I’ve been going out lately, and Paul likes going out with me. For a very simple reason: because my idea of going out is taking the Olso boat, stuffing myself either à la carte or at the buffet while cruising, then working it all out, exorcising the fat devils, by climbing the mountain to Frogneseteren and then coming down on skis or my bum. We did this together in full sunny glory and minus 10 degrees, and then we sailed back to Copenhagen the day after.
On the boat, one of the best entertaining times is when I get to sit on the 9th deck in the panorama bar, and watch the drunkards go by. I have a strategy. I place myself almost in the middle of a long red couch, which indicates an opening towards others to sit by me. Oh, the stories some of these people have to tell are fascinating. This time around, an unconventional and gay corporate Norwegian took a sit and told me that he had too much to drink. I asked him what he had: “cognac, snaps, beer, and cocktails,” he said. “Oh, that’s bad,” I said. “I’m from Lillehammer, and I like going into the wilderness to visit friends, very special friends” he then said, and I went: “I’ve been there, nice place, nice people.” “Oh, but wait until you see Tromsø,” he said. “I’ve been there too,” I said. “Oh,” he said. “But not for motor-biking, I bet.” He won. I’ve never been motor-biking in Tromsø.
I’m back in Tromsø right now. And while I’m pretty good at car racing – I should try the bike one of these days – I never thought I was any good at winter sports. And yet, I find myself powder skiing from sea to summit. My brain, as always here, feels free and razor-sharp, and my mathematical mind has never felt better. I imagine being able to calculate like a god. I’m thinking of my life a month ahead, when I’ll be done (for now) with saying hello to the Alaskan huskies, chasing the aurora borealis on a sleigh, and drumming with the arctic shamans (Anthony Johnson, Paul Muldoon, and Mari Boine are here too). So, I speculate: what are the odds of having my spirit slumber, as one does in hot places, when I’ll be making odd sounds by playing the tombak and the tar in Teheran and Tel Aviv with the masters? I’m thinking of Zohar Fresco’s name. What’s in a name? And how will it resonate, when I’ll be standing in such close proximity to the grand percussionist, letting his fingers touch mine, and pulling his magical energy to myself? The odds are null, and I’m pleased with this result in spite of the weather forecast: 30 degrees plus. And I’ve already started practicing even by unanticipated coincidence.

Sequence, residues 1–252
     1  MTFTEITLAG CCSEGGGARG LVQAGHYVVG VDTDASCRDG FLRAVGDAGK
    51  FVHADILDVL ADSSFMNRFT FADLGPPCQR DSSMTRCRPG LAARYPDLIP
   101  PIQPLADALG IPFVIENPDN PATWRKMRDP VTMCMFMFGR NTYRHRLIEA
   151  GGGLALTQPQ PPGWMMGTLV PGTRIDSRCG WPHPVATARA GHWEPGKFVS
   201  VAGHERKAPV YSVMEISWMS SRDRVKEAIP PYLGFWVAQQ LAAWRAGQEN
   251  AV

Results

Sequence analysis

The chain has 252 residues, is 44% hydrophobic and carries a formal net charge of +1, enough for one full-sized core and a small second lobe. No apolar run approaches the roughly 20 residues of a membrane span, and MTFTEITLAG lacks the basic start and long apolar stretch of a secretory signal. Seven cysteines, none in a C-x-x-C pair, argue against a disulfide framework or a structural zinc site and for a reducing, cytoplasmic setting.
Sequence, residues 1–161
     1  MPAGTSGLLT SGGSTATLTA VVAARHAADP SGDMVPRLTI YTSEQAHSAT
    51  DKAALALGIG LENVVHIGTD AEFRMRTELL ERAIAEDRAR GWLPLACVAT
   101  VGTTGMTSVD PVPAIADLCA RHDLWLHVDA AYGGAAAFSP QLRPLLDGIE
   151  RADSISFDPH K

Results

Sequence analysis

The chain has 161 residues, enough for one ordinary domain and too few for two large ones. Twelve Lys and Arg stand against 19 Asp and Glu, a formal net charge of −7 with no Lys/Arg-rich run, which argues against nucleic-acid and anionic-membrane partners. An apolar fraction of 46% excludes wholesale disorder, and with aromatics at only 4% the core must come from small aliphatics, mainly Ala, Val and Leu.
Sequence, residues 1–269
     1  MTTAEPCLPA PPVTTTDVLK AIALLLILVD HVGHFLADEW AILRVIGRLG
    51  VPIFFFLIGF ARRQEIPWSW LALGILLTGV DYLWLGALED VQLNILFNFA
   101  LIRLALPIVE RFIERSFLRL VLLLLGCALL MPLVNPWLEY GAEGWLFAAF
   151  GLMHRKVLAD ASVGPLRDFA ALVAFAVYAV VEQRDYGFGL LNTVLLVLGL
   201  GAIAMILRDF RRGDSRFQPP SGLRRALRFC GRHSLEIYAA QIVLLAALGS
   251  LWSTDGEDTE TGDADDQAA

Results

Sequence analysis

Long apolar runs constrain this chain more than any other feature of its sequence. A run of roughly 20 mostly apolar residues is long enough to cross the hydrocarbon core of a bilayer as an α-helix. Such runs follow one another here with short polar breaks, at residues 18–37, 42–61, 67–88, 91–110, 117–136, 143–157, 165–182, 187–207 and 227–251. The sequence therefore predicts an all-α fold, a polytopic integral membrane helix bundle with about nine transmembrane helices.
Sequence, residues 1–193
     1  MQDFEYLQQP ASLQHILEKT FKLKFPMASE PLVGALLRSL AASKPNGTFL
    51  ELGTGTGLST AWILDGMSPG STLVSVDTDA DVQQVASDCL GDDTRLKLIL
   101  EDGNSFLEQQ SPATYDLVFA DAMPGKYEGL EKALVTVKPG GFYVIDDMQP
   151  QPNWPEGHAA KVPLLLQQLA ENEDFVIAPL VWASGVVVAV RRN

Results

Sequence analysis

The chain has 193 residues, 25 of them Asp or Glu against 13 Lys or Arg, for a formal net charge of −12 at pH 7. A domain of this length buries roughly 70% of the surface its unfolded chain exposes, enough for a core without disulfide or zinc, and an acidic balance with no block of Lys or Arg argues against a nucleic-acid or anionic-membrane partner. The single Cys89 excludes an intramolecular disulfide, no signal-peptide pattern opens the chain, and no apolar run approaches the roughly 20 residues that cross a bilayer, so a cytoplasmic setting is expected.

As it happened last week on the boat, I found myself counting rhythmical beats. My sister made me dance to YMCA, which I can never resist – as I’ve always been a fan of the gay community and its way of reclaiming the body and other such shit. Not to mention the queer way of wiggling the bum, and courting a lady. Quite sublime. In the middle of the Village People singing, I heard my sister shouting and laughing: “that’s your Norwegian,” and pointing to a guy who managed to fall over the dance floor, landing on his own ass on top of some more drinks on the nearby table. His legs were in the air, showing off expensing pointy shoes. I’m thinking of my own soul suspended between beats when I’ll hit the Middle East, sanction the patriarchy once more, and get lost in the droning sound of the oud. The walls of Jericho will come down on the first beat, and the soul will stand naked to the corner of the eye. Going out as a concept will have outed itself, and with it, so my desire to ever leave the Arctic.
I gave a talk on Wittgenstein and stones here in Tromsø, at the Nordic Irish Studies conference. It went down well. In fact so well that at the closing reception the Irish ambassador quoted from my paper, which he called “wonderful and fascinating.” This catapulted me to experiencing some wonderful 15 minutes of fame. He also ended his speech with these words: “yes, let’s have more Wittgenstein. Let’s get Wittgenstein back to Ireland”. I ended drinking too much while explaining to everyone why an Americanist who doesn’t do Irish studies for a living likes Wittgenstein. I told everyone that it’s because of his last words: “Tell them I’ve had a wonderful life,” he said, thus showing that he never had a blind spot for language. Indeed, ‘the wonderful’ is never up for negotiation. This is an achievement that deserves attention.
On the threshold of the New Year, and since I won’t have time for the regular missive of holiday wishing, what with my going out these days – zipping also to New York in between my Polar and Persian dashing – here it comes now, to you all: I wish you not to be happy but to live wonderfully. The wonderful experience has a history of lasting longer, and of being far more memorable than anything else. Read some Wittgenstein, pay attention to the language you speak, seek the company of geniuses, don’t eat cold cheese, and don’t forget to stand tall mentally. Doum, ta, ka, doum.